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Chineze Eziamaka: The Likeability Argument



It is not your job to be likeable, it is your job to be yourself. Someone will like you anyway’ – Chimamanda Ngozi Adichie

For some weeks now, the above quote has been trending. Hillary Clinton used this quote in her new book ‘What Happened’. It’s been all over the internet, especially the Nigerian internet space (permit me to refer to it like that). Hashtags on Twitter, Instagram. There has been a lot of discussion around people basically being themselves in a world that actively encourages you to be fake (Whatever fake means to you).

My younger brother, who still struggles with his manners, kept using the hashtag all of last week. I know that this statement sadly will be used to explain away ill manners.

It caught my attention first because I love Adichie’s work. In my head she is my very strong willed big sister, that person I’ll be afraid to tell when I let my husband get away with too much nonsense. She openly admits to feminism.

I am still finding my way; sometimes I am sure I am a feminist, other times I am halfway there. I am proud that Clinton used her words.

The second reason the quote came to my notice is the way it kept getting repeated even in instances and examples it shouldn’t appear in. It reveals that all of us are trying to find our way out of conformity. However I don’t think Adichie or Clinton had some of us in mind when they used those words.

To be likeable is to be pleasant, friendly, easy to like, engaging, warm, convivial.
Deep down all of us love being liked. I remember a friend calling a brutish boss one night, and telling him she really admired his leadership style. Her life became noticeably more bearable after that call.

Deep down being likeable isn’t our real problem, the issue is developing a dependence on likeability. This is where we are all pretty much headed.

What does it mean to be likeable?
It’s simply what most of us both ordinary folks and popular/famous people alike do every day; we wake up, dress up and go about our normal business.

Strangely, also being unlikeable is not too complicated, at least for most of us. I think most of us can be unpleasant without thinking too much about the consequences when there is need for it. There are times when we have to set certain people straight, or come out of uncomfortable situations.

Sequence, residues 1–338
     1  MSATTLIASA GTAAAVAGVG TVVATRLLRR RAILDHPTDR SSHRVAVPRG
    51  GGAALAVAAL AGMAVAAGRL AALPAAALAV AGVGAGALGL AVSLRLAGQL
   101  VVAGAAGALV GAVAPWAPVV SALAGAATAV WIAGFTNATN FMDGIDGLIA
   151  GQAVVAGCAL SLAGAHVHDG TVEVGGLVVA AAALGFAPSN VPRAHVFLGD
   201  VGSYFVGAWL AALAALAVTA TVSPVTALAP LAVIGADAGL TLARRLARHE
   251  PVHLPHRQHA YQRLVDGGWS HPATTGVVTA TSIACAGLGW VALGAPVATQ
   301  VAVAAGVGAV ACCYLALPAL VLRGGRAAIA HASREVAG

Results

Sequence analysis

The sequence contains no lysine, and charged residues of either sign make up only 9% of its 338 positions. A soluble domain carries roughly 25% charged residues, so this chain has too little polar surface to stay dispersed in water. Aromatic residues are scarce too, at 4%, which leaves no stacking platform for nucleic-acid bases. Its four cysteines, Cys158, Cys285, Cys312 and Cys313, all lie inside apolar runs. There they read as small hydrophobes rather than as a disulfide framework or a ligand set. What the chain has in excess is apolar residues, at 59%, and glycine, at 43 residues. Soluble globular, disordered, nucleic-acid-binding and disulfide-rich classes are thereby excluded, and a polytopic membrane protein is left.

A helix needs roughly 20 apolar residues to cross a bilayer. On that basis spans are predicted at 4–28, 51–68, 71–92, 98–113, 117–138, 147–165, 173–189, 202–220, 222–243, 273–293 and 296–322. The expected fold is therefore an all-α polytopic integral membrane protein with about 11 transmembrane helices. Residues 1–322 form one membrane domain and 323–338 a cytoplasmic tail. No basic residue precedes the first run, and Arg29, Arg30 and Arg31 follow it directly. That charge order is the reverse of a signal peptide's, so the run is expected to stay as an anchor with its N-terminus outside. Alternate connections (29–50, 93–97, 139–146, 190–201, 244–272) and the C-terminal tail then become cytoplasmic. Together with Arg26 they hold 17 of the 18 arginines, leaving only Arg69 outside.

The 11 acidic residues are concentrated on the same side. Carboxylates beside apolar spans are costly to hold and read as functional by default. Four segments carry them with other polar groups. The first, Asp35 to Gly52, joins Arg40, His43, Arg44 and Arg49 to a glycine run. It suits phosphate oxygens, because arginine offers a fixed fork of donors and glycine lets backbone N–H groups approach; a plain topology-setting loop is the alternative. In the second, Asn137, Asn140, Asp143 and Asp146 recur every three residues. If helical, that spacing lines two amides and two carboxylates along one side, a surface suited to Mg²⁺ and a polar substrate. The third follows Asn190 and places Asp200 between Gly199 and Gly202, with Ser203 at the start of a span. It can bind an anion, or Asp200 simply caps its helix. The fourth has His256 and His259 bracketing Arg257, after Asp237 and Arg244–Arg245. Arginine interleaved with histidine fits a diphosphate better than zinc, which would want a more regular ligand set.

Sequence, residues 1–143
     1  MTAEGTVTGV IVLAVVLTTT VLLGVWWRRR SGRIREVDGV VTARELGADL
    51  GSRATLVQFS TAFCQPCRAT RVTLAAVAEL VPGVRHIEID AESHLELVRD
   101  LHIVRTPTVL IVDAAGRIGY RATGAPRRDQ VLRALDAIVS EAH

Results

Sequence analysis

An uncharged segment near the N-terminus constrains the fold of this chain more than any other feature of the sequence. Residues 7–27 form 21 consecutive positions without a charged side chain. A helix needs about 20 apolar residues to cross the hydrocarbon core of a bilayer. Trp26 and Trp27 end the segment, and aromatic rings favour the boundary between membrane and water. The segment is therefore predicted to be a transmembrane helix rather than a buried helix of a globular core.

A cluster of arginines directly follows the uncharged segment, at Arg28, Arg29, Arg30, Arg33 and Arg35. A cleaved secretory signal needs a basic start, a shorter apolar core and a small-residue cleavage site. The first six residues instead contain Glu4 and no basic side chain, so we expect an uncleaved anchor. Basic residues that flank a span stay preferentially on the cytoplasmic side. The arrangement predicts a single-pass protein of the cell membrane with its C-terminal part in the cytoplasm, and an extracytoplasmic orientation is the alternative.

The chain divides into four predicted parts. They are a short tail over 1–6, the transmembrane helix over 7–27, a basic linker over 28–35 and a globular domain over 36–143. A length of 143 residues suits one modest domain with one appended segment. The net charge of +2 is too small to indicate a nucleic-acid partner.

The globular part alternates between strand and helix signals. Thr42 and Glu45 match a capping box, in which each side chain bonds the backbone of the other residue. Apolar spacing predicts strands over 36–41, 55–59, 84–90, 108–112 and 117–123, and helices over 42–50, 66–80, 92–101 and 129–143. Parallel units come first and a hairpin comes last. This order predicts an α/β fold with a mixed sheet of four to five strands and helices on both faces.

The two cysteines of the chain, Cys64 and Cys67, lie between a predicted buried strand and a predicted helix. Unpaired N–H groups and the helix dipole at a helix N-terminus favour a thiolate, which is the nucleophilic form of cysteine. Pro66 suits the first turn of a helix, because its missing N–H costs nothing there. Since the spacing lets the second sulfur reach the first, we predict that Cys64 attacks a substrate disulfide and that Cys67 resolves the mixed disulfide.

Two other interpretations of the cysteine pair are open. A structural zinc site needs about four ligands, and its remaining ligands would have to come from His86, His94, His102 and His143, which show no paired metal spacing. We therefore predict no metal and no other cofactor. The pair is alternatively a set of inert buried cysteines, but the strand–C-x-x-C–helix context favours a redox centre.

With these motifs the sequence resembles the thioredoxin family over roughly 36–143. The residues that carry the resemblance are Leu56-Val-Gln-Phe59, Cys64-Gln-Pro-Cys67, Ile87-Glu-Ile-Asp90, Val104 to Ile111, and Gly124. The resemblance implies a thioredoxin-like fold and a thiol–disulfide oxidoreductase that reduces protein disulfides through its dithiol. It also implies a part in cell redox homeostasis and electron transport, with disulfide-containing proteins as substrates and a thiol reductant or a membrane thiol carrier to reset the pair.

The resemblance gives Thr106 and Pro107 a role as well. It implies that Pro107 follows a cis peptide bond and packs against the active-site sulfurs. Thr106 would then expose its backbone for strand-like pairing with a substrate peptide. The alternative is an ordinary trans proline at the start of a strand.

Now the hard part in my opinion is being ‘yourself’. Being yourself is not always possible, it sounds like really simple advice. I have heard it a million times in different situations; when you are meeting the in-laws for the first time, your best friends and family give you this advice ‘ Nne just be yourself, don’t look too desperate etc. When you are meeting an important person or attending an important interview, you tell yourself to be ‘yourself’, friends tell you ‘don’t let the nerves get you, it’s easier if you be yourself’… but when we examine the existing realities, we know that people don’t act the same in front of everyone.

Chanting the mantra of being unbothered with your likeability status may now be the perfect excuse to avoid making an effort to continuously improve especially on some vour unpleasant personality traits. Most of us will hide behind our focus on ‘being ourselves’ disregarding the idea that that ‘self’ may need some fixing sometimes.

I think Adichie’s sentiment as popular as it is becoming, is not for the weak. It’s definitely not for everyone, because being yourself is not usually the magical solution to all of life’s problems. Before we take this quote to heart you should ask yourself ‘who am I?’
This person that is sarcastic, and you proudly take on may just have been a character that rose out of the ashes of painful experiences from the past and we proudly say ‘this is who I am’ .

This may not be your true self, but what I’ll call a learned self.

Photo Credit: Dreamstime

Chineze lives in Lagos with her husband and 3 young children. She is excited to connect on twitter @ChinezeAnuli, Instagram @chinezeaina and Medium


  1. Weezy

    September 26, 2017 at 8:20 pm

    Interesting perspective. I think it is very difficult for a poor or struggling person to not try to be likeable, frankly. You need other people’s good will to survive, and that good will only lasts when you are likable

  2. Mz_Danielz

    September 26, 2017 at 8:30 pm

    Can you be sure if people really like you? I’ll give 2 scenarios;

    1. An obnoxious female with a horrible tongue, that talks to everyone anyhow but somehow has earned the chief mean girl position. Pretending to like her is social survival but the day one person puts her in her place, others will follow.

    2. A well behaved female who is ambitious but approachable, e.g Chimamanda people may find it easier to express dislike for her, but deep down , they do like her.

    I agree that we should be our best selves all the time, if you are loud mouthed, cantekerous, rude, insecure, loose, you are not the ‘self’ God intended you to be

  3. Kike

    September 26, 2017 at 8:47 pm